Passionate about patients

Lynn A. Cornelius loves being on the 'front lines of diagnosis'

Whether it’s a young adult with melanoma, a teenager with scaring acne or a grandfather with a non-melanoma skin cancer, Lynn A. Cornelius, M.D., loves that dermatology allows her to see an array of medical conditions and patients of all ages and from all walks of life.

“Although my clinical and laboratory focus is melanoma, the variety in dermatology is great, and I enjoy taking care of patients with all types of dermatologic diseases,” says Cornelius, chief of the Division of Dermatology.

Lynn A. Cornelius, M.D., treats Peter Tocco for skin-related problems. Tocco has seen Cornelius for the past decade and has referred at least 150 patients to her.
Lynn A. Cornelius, M.D., treats Peter Tocco for skin-related problems. Tocco has seen Cornelius for the past decade and has referred at least 150 patients to her. “She has an amazing personality and is very approachable,” he says. “She always makes you feel great. She’s a really sweet person and an incredible doctor.”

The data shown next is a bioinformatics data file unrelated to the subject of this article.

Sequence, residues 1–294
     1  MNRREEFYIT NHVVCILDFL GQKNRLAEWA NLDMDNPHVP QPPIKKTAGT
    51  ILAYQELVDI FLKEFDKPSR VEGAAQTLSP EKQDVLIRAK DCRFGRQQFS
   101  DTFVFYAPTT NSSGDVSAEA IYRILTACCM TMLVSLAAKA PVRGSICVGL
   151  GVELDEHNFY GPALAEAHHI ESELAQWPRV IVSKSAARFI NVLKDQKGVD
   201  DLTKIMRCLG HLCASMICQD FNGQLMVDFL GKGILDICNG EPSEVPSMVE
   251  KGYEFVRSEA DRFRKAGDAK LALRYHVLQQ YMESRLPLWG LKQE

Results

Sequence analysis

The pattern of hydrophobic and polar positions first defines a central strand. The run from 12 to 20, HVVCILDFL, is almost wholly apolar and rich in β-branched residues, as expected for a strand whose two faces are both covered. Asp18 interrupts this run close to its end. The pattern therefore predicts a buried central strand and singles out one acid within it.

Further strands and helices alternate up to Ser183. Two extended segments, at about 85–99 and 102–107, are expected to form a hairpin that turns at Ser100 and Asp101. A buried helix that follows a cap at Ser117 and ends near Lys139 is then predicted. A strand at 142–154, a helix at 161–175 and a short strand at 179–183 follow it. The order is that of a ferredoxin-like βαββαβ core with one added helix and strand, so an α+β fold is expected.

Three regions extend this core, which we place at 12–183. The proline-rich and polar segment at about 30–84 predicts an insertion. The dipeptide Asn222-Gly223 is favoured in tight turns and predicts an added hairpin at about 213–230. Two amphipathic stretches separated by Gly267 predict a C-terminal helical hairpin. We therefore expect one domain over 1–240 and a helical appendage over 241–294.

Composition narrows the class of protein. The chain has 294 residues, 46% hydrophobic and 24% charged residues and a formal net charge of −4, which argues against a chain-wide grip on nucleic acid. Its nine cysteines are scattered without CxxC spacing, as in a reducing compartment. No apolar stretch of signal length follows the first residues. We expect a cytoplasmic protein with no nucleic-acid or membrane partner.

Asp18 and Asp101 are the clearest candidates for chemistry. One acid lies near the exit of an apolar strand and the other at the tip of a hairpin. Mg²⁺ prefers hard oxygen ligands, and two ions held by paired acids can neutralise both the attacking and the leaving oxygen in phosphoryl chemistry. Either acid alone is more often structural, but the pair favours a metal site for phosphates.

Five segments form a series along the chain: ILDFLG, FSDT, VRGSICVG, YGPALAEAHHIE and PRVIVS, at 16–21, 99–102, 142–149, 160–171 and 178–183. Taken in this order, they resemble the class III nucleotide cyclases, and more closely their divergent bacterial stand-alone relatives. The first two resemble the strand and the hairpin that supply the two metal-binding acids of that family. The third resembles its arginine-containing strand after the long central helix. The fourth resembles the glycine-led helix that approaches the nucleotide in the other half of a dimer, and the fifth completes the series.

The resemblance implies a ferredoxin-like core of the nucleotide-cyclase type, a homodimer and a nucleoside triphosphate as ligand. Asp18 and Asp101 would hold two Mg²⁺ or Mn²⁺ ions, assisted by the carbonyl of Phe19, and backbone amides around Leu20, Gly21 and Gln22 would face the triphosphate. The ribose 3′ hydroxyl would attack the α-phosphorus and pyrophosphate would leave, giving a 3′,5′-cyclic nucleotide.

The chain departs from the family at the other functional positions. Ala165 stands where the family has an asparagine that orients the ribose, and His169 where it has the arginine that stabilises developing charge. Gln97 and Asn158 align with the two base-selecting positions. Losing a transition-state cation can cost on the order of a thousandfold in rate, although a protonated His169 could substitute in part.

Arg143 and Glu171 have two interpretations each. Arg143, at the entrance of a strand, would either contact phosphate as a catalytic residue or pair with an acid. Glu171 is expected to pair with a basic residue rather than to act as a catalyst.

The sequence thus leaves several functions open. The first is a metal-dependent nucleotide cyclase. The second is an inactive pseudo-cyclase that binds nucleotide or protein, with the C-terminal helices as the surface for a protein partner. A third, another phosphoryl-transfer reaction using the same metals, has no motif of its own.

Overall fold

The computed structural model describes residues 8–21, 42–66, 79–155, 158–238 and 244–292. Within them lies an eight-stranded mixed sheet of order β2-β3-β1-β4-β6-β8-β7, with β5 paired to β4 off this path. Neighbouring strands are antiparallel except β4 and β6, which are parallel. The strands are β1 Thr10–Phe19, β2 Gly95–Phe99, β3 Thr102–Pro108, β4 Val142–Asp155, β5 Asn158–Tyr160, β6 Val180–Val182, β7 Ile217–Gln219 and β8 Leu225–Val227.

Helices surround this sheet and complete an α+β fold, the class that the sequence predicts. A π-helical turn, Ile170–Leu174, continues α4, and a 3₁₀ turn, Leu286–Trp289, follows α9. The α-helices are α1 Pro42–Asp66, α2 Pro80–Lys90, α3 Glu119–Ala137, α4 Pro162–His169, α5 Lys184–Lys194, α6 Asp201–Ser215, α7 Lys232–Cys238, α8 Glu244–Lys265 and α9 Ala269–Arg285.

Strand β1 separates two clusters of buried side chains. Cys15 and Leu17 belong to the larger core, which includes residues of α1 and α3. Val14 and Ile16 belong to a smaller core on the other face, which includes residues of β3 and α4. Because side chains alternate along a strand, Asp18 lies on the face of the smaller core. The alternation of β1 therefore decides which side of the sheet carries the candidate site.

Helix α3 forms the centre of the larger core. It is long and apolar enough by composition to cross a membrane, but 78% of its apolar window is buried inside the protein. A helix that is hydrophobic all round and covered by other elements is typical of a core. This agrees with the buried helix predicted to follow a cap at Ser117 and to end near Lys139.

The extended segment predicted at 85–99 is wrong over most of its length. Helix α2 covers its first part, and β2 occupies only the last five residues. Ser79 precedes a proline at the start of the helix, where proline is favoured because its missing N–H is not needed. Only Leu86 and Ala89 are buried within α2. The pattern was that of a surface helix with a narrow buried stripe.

“I believe that dermatology allows me the opportunity to positively affect the health of my patients and improve their lives, both of which are extremely gratifying.”

Patient Peter Tocco, who has seen Cornelius for various skin problems over the past decade, is quick to confirm that “his favorite doctor” does have an incredible impact on her patients’ lives.

“There is no better doctor than Dr. Cornelius,” Tocco says. “I have referred at least 150 patients to her. She has an amazing personality and is very approachable — she always makes you feel great. She’s a really sweet person and an incredible doctor.”